Understanding cost drivers within an aerospace manufacturing supply chain for fibre reinforced plastic structures

  • Matthew Mullan

Student thesis: Doctoral ThesisDoctor of Philosophy


Increasingly stringent emission targets has encouraged prime airframe assemblers to reduce aircraft weight, in doing so reducing CO2 emissions associated with fuel burn. All three major aircraft manufacturers have chosen to achieve this by incorporating greater proportions of advanced composite material within aircraft structural design. This research presents the development of a novel approach to simultaneously model continuous and discontinuous production processes, enabling new understanding of composite material production cost drivers within an aerospace manufacturing supply chain. The sources of composite component cost drivers are traced through a complex manufacturing supply chain to understand specific driver impact. A hybrid mass and energy balance methodology is presented to simulate composite material production processes within a framework using physics inputs. Verification of the simulation results has been demonstrated through comparison with real aerospace material pricing. A production cost mark-up factor has been identified. as the greatest contributor toward material price, owing to its recurring manifestation at each tier interface. Dominant production costs at discrete supply chain tiers have been shown to develop from raw process materials, through energy dominant production techniques, finally resulting in large labour commitments for material handling and equipment preservation. The methodology investigates two non-deterministic aspects of production simulation; cost drivers changing with time and production processes changing with technology. This research has identified the cost drivers associated with composite component production are resultant from a multi-tier production supply chain, introducing non-value added costs at each ~tier interface. Through an analytical modelling method, the understanding of material production costs is encouraged, which may prompt a shift in composite material procurement strategies. The model has demonstrated that with ever increasing material production costs, product ion technology can provide a quantifiable reduction in component weight and composite material cost.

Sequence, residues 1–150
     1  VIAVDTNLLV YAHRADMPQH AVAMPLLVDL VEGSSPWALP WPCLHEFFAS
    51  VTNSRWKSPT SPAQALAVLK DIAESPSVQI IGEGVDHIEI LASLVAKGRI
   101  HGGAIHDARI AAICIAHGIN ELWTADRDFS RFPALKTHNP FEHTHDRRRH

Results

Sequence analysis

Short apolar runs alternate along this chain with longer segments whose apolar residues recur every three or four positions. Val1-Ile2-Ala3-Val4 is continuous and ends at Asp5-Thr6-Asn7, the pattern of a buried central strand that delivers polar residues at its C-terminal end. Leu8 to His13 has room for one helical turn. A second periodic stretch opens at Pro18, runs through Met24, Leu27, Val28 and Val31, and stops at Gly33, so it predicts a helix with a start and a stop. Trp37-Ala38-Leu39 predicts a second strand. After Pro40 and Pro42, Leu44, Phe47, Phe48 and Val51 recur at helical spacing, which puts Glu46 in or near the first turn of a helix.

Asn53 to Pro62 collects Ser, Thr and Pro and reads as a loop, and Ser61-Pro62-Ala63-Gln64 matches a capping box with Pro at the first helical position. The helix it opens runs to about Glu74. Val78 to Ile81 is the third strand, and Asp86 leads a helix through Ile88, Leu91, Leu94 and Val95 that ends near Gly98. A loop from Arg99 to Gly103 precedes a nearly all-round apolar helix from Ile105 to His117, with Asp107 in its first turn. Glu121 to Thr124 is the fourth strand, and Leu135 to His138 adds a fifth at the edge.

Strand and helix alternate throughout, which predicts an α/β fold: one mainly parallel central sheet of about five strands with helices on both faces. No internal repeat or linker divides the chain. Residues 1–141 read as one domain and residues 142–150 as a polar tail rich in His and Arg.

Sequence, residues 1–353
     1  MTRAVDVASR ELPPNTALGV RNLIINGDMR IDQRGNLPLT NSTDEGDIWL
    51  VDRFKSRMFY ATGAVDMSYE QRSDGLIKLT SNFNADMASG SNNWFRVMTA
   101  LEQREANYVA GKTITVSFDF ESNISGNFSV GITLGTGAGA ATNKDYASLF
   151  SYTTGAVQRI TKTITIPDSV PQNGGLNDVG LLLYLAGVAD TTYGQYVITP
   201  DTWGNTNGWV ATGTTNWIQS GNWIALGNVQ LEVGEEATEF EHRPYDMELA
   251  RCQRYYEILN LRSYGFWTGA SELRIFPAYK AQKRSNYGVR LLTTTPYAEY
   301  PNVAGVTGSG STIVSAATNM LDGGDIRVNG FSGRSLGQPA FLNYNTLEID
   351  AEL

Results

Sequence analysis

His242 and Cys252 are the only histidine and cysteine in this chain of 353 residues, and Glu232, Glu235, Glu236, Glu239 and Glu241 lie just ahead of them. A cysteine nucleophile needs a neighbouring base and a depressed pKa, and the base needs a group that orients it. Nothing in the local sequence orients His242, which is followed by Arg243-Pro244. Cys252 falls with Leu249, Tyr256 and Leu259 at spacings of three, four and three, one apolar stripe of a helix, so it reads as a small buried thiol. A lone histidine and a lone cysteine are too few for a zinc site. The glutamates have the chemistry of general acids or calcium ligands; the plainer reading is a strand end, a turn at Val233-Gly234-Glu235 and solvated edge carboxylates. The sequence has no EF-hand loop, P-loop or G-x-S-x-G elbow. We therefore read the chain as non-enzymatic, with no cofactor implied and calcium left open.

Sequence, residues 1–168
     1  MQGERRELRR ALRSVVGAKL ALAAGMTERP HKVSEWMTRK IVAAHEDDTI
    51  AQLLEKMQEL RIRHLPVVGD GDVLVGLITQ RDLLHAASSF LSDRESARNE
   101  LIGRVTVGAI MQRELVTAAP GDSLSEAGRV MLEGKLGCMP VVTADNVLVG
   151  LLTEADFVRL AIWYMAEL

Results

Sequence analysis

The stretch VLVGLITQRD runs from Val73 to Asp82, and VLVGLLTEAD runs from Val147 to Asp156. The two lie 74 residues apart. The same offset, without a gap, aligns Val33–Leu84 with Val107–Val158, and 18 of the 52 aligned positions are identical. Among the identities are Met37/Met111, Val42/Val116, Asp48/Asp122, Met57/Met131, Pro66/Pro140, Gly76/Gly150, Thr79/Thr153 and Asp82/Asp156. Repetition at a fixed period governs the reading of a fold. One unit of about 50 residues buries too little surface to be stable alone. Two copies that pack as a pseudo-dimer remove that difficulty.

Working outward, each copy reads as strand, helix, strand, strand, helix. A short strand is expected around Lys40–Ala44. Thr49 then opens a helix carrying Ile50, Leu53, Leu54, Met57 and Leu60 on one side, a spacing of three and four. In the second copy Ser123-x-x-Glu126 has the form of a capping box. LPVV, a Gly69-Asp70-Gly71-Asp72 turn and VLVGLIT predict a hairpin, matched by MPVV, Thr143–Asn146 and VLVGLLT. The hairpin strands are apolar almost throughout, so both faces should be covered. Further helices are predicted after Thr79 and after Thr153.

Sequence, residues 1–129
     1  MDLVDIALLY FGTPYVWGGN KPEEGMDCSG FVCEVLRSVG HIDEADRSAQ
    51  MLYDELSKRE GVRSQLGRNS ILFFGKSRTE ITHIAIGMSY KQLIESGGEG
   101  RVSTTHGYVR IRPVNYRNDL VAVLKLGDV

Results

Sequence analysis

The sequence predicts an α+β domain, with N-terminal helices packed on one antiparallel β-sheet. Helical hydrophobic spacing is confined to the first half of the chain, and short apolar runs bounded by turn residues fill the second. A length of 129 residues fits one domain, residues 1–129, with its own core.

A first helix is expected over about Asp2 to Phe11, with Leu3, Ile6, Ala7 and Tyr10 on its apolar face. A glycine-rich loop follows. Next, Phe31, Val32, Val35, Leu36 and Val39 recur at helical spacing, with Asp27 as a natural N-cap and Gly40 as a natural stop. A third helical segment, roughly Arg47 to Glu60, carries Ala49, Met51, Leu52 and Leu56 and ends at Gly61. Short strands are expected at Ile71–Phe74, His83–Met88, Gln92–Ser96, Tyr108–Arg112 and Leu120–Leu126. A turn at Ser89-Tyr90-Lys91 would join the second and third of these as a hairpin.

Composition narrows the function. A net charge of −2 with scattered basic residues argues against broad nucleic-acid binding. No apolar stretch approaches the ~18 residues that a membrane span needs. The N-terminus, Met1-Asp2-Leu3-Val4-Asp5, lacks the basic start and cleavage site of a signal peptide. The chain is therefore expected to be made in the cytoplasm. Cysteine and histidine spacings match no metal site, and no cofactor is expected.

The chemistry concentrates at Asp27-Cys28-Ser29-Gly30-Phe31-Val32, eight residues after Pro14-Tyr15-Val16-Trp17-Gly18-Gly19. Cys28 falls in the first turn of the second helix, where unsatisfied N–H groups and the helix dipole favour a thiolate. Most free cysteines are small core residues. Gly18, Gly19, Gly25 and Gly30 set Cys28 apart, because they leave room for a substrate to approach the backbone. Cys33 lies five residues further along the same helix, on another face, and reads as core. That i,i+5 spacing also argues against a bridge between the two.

Date of AwardJul 2013
Original languageEnglish
Awarding Institution
  • Queen's University Belfast
SupervisorAdrian Murphy (Supervisor)

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